A set of non-profits are listed by the original funders of the Foundation House (and this can be changed in some way that is not figured out). In this case the Internet Archive will be the beneficiary. When an apartment unit becomes available, the non-profits may propose employees that are interested. The Foundation House selects the most appropriate to fit into and help the house, and if none are put forward or none are appropriate for whatever reason, then the Foundation House can elect to find market-based renters.
Non-profit employees get lower cost housing
Licensees are different from normal renters because it is tied to their employment,–they help with the upkeep of the property, and it is not exclusively theirs to use. So this is a bit odd, and may not be for everyone. But because it only costs 1/3 of the normal market price, it could be a very welcome benefit. We imagine that even after someone leaves the non-profit, then there is a transition period to help the former employee.
In the case of the building we are buying, it is in a great neighborhood of San Francisco and easy walking distance from the Internet Archive headquarters. By being so close, an employee might not use or even have a car which could be an additional yearly savings of seven thousand dollars.
If the difference between Market based and cost based fees are $1,500 per month, then the reduced cost to the employee could be $18,000 of after tax money, or about $23,000 gross savings per year before figuring on transportation advantages.
The value to a donor is to put a stable foundation under some non-profits so that they can focus on their mission rather than fundraising as much. Against the ups and downs of investments and the unpredictability of funding cycles this Foundation House would be a concrete value to the non-profits. As long as there are employees there will be need for housing, and if the non-profits do not want to use the properties, then new ones could be selected or it could just accumulate money to be used to aid those non-profits financially or build more Foundation Houses. In this way the value is never worse that a real estate investment, but could be much more valuable as stable long term housing for employees that have dedicated themselves to service.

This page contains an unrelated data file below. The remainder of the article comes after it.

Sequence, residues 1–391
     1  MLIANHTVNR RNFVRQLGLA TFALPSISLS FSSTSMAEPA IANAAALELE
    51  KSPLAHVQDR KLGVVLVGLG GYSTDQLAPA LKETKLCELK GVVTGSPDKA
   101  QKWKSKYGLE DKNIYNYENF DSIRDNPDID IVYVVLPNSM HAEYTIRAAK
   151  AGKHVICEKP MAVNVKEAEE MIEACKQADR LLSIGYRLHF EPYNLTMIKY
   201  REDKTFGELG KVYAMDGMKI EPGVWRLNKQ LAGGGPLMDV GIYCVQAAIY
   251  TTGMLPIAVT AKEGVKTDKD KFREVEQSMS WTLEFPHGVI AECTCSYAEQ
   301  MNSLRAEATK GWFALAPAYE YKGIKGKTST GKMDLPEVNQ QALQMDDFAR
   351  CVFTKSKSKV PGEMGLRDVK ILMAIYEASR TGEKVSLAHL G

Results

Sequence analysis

Personally, I want to help several non-profits, but I worry about the debts that some are putting on themselves because this can be destabilizing in a downturn. Further, I am not that excited about having the endowment go into a big investment fund that is managed by people I don’t want to pay and often they invest in many ventures and companies I do not want to be a part of. Therefore, investing in housing that has no middle-man and is something that theoretically will keep aiding good works for decades or centuries, I feel very comfortable with this approach.
Let the experiment begin!